Now comes the moment when we take these metaphors of a mothering God—and our commitment as mothering church leaders—out into the world. In the final chapter in my book I note that, “I am convinced that the skills and passions honed by raising children are not meant to stay within our narrow definitions of family.” Nor can a more expansive, vulnerable, transformed image of God stay within the church.

If we trust that this is how God relates with humanity, then it will change how we are willing to interact with and be changed by our siblings—all children of God—far and wide.

About the Author

Lee Ann M. Pomrenke is an ELCA pastor, mother, and author. She currently works as an editor for Luther Seminary’s digital resources—Faith+Lead, Working Preacher, and Enter the Bible—and hosts Faith+Lead’s Book Hub events. Her first book is Embodied: Clergy Women and the Solidarity of a Mothering God (Church Publishing, Inc, 2020). She lives in northwest Ohio with her husband and two daughters, blogging occasionally at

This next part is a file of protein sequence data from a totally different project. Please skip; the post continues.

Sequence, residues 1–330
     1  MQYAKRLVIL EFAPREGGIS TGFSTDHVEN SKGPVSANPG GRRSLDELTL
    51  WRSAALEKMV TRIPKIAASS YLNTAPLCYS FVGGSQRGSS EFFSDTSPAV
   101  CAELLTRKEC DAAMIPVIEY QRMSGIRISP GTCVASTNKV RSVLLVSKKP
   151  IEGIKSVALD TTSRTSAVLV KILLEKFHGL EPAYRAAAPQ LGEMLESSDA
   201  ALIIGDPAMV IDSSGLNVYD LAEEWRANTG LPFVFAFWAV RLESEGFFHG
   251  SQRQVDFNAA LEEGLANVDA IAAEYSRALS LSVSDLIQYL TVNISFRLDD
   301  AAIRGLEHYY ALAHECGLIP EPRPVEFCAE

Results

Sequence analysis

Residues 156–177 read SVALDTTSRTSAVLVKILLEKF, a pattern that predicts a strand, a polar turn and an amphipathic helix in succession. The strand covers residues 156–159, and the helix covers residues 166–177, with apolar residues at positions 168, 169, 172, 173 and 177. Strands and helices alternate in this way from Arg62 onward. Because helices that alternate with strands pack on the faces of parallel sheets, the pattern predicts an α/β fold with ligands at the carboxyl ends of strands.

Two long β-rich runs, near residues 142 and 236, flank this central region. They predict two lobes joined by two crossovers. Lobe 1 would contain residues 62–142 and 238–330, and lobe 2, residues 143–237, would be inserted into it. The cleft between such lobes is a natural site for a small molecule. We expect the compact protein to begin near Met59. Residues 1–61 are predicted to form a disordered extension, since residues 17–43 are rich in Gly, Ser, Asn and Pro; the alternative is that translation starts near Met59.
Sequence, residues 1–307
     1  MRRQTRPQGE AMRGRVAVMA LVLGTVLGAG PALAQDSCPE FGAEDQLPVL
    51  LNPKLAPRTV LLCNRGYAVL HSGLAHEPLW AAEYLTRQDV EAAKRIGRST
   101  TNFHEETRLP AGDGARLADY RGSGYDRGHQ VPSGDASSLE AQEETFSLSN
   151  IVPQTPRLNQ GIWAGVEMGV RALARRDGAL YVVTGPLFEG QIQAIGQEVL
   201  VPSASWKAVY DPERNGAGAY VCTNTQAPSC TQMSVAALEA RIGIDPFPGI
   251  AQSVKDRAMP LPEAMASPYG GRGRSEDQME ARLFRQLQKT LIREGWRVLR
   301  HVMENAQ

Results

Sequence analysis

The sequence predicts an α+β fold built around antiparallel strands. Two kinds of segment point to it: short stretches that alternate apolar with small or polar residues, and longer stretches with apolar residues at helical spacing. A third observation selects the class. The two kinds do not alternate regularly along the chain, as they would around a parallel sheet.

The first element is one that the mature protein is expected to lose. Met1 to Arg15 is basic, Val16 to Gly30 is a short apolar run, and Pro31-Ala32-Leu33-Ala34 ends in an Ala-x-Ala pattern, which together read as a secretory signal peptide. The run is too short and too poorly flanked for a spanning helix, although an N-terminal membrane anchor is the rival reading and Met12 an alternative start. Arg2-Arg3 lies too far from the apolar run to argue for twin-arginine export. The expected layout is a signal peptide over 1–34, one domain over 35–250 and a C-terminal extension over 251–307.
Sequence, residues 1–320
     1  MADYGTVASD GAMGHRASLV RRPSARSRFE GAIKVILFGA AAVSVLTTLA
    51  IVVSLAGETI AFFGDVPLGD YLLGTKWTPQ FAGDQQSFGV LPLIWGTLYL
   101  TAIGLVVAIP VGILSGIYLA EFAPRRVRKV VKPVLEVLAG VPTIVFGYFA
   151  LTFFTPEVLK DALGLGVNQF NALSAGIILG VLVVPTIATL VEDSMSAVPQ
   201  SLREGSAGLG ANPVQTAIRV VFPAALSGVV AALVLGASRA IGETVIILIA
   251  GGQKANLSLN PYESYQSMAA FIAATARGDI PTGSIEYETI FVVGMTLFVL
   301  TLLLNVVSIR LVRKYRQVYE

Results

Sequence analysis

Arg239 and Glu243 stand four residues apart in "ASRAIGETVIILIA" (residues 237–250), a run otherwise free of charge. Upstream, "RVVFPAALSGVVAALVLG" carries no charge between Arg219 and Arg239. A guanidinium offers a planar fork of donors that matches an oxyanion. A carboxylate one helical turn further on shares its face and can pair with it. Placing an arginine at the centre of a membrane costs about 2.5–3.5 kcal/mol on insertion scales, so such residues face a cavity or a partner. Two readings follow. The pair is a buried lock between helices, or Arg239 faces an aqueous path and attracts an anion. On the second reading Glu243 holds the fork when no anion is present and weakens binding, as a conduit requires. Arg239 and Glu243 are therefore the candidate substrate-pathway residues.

Photo. The image at the top of the post if from the Dominus Flevit Church on the Mount of Olives, across from Old City of Jerusalem. At the foot of the altar is this mosaic of a mother hen gathering her chicks. The image recalls Christ’s words in Luke 13.

3 thoughts on “More Than We Have Imagined: When God Is Like a Mother

  1. Joyfully I read your thought provoking words and am charmed by the art you have chosen for this piece…the mother hen in mosaic tiles has a most intriguing expression and the detail in the artist’s painting of the chicks scattered about is especially poignant when I see the chick behind bars peeking out. Mothering is so inclusive even of those who seem lost or hidden. Truly God is beyond human comprehension. Thank you for your writing and your blog is always eagerly anticipated.